Anime is, in the act of presenting alternate realities and ways of living, escapist in nature. I don’t think there’s anyone who can deny that. While fringe elements like the crowd at Studio 4C try to push the boundaries of animation and anime as a medium, the actual content of that medium – the stories if you will – are still, ultimately, escapist things.

      I don’t think it’s that Aria exists without ugliness, its simply that it chooses to act as the opposite end of the scale to real life in some ways. There’s reality – war, human brutality, and even things like physical desire – and then there’s Aria, which exists to contrast all of that ugliness. What surprises me about the show is the way they treat things like terraforming for example. They talk about excavating oceans, and in episode 4 Akari passes through a graveyard (one of presumably many) of people who died during the excavations; but don’t explore this idea further. The show waxes poetic on the beauty of Aqua’s oceans, but it’s all fake. Moreover, if one looks at the idea of Man-Home, there seems to be nothing but negative things there: they don’t seem to have real food, it’s probably overcrowded, and the environment is completely destroyed (Akari mentions that one can’t swim in the oceans on Man-Home anymore)

      Instead of acting as a mirror, and reflecting humanity back on itself (arguably, the realm of modernist art), Aria exists more like a traditional (or surrealist) painting; to be admired but never questioned.

  2. The harshness of angles that these extreme perspectives provide is an unexpected move. They serve to jar us out of our lull, remind us of the fantasy of the situation.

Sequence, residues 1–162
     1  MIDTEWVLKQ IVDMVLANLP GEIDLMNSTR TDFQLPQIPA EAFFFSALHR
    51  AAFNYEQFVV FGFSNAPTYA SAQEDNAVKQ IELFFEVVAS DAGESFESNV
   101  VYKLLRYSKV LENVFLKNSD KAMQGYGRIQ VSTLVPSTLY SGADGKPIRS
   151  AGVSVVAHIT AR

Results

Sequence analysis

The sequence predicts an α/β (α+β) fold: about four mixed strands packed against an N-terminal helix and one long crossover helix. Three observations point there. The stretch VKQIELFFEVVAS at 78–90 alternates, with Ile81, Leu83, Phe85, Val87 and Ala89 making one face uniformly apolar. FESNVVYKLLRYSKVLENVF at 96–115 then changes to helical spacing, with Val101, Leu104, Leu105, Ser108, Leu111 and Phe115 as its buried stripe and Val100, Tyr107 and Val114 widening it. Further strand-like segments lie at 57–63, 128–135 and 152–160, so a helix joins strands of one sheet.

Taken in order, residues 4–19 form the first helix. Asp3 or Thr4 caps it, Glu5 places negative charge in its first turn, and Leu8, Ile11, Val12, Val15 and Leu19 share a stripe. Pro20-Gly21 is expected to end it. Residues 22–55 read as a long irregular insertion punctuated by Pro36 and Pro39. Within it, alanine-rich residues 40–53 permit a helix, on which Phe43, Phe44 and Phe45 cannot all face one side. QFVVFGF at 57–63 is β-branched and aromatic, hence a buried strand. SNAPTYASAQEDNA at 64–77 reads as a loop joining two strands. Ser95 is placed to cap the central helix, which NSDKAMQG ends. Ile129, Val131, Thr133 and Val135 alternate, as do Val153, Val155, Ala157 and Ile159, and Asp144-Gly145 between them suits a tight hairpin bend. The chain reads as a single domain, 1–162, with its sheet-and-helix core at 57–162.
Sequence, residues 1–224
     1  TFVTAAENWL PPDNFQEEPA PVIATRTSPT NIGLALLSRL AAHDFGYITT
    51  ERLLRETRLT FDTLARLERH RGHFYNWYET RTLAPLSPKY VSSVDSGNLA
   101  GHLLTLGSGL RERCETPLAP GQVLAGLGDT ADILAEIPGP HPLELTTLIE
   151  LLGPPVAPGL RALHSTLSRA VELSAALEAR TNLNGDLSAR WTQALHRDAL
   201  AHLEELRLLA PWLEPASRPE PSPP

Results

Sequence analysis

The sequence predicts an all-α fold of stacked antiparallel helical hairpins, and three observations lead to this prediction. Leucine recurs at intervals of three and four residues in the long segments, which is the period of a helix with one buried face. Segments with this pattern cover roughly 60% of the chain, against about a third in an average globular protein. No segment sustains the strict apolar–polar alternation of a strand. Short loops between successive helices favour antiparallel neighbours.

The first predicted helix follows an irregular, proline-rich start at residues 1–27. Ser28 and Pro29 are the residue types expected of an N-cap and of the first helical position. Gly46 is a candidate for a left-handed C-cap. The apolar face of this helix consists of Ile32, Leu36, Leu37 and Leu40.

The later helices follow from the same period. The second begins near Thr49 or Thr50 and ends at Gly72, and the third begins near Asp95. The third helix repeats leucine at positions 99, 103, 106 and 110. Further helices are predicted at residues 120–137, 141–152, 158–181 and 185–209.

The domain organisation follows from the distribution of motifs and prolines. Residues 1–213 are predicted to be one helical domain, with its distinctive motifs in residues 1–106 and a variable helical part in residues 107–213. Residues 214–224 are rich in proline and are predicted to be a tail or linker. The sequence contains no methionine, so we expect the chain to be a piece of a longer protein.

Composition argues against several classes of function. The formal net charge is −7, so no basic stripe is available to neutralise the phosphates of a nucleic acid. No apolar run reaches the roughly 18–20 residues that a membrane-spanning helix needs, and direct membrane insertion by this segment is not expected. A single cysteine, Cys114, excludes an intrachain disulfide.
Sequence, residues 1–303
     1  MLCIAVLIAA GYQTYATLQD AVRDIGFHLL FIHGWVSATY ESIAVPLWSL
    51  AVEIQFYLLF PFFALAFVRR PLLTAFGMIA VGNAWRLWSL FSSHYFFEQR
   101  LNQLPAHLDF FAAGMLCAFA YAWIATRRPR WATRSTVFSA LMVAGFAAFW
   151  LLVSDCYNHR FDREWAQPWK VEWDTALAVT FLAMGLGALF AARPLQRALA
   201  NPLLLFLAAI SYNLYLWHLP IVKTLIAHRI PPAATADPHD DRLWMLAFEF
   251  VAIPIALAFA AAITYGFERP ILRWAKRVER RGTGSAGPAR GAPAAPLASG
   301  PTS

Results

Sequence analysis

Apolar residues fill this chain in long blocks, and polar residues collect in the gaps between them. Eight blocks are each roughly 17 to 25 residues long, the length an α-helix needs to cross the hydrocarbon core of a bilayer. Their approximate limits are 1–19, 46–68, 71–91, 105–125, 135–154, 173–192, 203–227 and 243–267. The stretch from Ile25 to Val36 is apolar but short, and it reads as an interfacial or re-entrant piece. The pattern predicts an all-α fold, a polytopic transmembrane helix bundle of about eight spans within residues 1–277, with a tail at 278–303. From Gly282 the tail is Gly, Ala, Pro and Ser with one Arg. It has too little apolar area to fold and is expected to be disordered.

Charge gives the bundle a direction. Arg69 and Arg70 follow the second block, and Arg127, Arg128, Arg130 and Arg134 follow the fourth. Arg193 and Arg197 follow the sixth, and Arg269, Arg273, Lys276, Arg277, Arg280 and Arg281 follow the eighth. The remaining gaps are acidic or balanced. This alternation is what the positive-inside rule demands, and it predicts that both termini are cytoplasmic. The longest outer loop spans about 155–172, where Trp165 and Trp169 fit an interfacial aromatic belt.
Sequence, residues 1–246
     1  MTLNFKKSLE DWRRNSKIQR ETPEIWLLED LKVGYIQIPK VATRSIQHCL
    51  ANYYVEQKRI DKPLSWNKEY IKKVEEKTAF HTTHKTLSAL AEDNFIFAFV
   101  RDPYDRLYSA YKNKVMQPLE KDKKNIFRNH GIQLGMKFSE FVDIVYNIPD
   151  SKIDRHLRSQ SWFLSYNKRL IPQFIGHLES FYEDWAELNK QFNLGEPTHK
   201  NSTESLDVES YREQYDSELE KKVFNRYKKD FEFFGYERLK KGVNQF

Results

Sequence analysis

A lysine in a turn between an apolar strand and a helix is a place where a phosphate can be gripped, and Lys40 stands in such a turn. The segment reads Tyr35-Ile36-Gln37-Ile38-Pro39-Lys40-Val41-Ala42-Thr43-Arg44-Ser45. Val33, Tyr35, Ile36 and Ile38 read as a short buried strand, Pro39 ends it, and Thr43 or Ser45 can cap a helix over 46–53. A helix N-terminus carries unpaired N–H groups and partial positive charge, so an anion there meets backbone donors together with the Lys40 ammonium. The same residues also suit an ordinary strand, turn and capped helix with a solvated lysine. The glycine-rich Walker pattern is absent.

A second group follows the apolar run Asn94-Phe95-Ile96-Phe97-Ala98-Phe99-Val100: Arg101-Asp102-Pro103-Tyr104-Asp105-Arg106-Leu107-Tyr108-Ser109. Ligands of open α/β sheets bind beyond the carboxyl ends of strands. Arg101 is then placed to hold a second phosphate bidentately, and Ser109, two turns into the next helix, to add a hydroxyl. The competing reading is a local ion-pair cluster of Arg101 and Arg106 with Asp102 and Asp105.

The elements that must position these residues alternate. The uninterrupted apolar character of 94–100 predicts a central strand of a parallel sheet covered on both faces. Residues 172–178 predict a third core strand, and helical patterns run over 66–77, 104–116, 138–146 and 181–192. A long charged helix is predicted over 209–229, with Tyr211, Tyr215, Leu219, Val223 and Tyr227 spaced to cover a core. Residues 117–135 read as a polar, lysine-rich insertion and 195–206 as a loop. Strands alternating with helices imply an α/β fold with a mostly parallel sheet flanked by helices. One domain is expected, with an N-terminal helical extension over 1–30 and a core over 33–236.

Ah, this is a very interesting thought, one I hadn’t contemplated. In my mind, it was the characters which I felt re-grounded my senses after continually getting lost in the dreamland of Neo Venezia (with musical accompaniment). The lifeless world of architecture and water, dressed in sunlight, was fairly easy to escape into, with the one danger being the possible state of mindless euphoria, but the characters save us from this imo. Akari and the prez or Alice and Aika, they brought a human essence to the scape, which I felt kept a small bit of awareness in the experience.

    Really enjoy the thoughts in this entry; I think focus on these surreal aspects offer perspective that hasn’t been examined. :)

    1. But they’re almost a little too humble, wouldn’t you agree? Nobody ever gets angry or upset; they’re all smiles and laughter. While I understand what you mean by their humility (their human traits and character ticks, if you will) they’re far from a grounding influence, in my mind.

  3. Very interesting. Magritte is a pretty popular peg for anime imagery/visual effect it seems. I’m pretty illiterate when it comes to painting so I have little to contribute. But here are two posts for your interest from someone who knows better:

    For Shin Mazinger Z

    http://animekritik.wordpress.com/2009/06/08/shin-magritte-shougeki-09-invasion/

    For Tokyo Akazukin

    http://animekritik.wordpress.com/2009/01/16/tokyo-akazukin-and-the-dark-side-of-surrealism-nsfw/

    1. I honestly think more comparisons to classical art are needed in the ani-blogging world. While the literary aspect and influences in anime are often touched on, one often forgets that the vast majority of people involved in anime went to art school or vocational training in an art stetting at some point. There’s no way that they didn’t come across people like Margritte and others in their youth, and even less of a chance that they weren’t influenced by them! However (and one of the laments you’ll find upon entering any art school) is that art education is severely lacking, thus leading to a huge deficit in artists being common knowledge, versus literature which is shoved down just about everyone’s throats right up until university ;)